Last week Google Docs experienced an outage lasting about 30 minutes. Almost immediately, the “reconsider the cloud” articles and blogs began to appear. Articles like this one on Ars Technica, immediately lump the Google Docs outage with other cloud outages, including Amazon’s outage earlier this year and the on-going problems with Microsoft’s BPOS and Office365 services.
And well no outages are good, they are not all the same. In most cases, the nature of the outages and their impact reflect the nature of the architecture and the service provider.
- The Google Docs outage was caused by a memory error and was exposed by an update. Google acknowledged the error and resolved the issue in under 45 minutes.
- Amazon’s outage was a network failure that took an entire data center off-line. Customer that signed up for redundancy were not impacted.
- Microsoft’s flurry of outages, including a 6 hour outage that took Microsoft almost 90 minutes to fully acknowledge, appear to be related to DNS, load, and other operational issues.
Why is it important to understand the cause and nature of the outage? With this understanding, you can provide rational comparisons between cloud and in-house systems and between vendors.
Every piece of software has bugs and some bugs are more serious than others. Google’s architecture enables Google to roll forward and roll back changes rapidly across their entire infrastructure. The fact that a problem was identified and corrected in under an hour is evidence of the effectiveness of their operations and architecture.
To compare Google to in-house systems, Microsoft releases bug fixes and updates monthly which generally require server reboots. Depending on the size and use of each server (file/print, Exchange, etc), multiple reboots may be necessary and reboots can run well over an hour. In the last two years, over 50% of all “patch Tuesday” releases have been followed up with updates, emergency patches, or hot-fixes with the recommendation of immediate action. Fixing a bug in one of Microsoft’s releases can take from hours to days. Comparatively, under an hour is not so shabby.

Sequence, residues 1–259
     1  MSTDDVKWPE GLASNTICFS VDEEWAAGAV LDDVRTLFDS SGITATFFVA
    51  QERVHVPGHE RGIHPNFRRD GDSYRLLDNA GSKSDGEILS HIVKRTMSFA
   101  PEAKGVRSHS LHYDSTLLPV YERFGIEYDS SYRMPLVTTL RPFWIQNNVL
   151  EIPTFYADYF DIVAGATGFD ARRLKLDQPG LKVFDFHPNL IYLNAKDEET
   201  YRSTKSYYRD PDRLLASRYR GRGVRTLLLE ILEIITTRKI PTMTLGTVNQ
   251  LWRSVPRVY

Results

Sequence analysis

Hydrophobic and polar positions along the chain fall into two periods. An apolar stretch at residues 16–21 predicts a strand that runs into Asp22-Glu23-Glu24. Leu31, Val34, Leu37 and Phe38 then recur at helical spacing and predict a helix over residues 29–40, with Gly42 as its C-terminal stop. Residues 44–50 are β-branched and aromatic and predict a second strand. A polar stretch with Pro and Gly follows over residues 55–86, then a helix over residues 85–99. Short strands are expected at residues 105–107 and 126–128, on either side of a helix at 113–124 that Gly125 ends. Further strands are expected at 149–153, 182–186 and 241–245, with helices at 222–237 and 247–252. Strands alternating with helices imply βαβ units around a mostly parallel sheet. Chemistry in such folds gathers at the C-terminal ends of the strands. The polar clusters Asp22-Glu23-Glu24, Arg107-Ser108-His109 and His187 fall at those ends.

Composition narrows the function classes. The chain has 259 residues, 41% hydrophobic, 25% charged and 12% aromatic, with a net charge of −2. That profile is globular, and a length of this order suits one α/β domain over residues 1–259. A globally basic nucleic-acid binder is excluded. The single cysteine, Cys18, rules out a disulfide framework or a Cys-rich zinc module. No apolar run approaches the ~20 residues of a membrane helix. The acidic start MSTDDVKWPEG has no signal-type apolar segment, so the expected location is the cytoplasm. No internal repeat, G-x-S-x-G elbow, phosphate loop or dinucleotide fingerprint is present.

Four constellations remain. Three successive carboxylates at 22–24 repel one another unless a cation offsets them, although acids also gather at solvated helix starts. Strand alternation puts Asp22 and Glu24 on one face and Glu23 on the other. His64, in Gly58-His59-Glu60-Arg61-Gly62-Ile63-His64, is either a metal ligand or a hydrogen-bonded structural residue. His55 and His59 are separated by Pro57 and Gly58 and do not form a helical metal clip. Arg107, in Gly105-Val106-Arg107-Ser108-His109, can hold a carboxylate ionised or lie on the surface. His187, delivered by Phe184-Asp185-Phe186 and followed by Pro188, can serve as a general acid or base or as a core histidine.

When looking across cloud vendors, the nature of the outage is also important. Amazon customers that chose not to pay extra for redundancy knowingly assumed a small risk that their systems could become unavailable due to a large error or event. Just like any IT decision, each business must make a cost/benefit analysis.
Customers should understand the level of redundancy provided with their service and the extra costs involved to ensure better availability.
The most troubling of the cloud outages are Microsoft’s. Why? Because the causes appear to relate to an inability to manage a high-volume, multi-tenant infrastructure. Just like you cannot watch TV without electricity, you cannot run online services (or much of anything on a computer) without DNS. That Microsoft continues to struggle with DNS, routing, and other operational issues leads me to believe that their infrastructure lacks the architecture and operating procedures to prove reliable.
Should cloud outages make us wary? Yes and no. Yes to the extent that customers should understand what they are buying with a cloud solution — not just features and functions, but ecosystem. No, to the extent that when put in perspective, cloud solutions are still generally proving more reliable and available than in-house systems.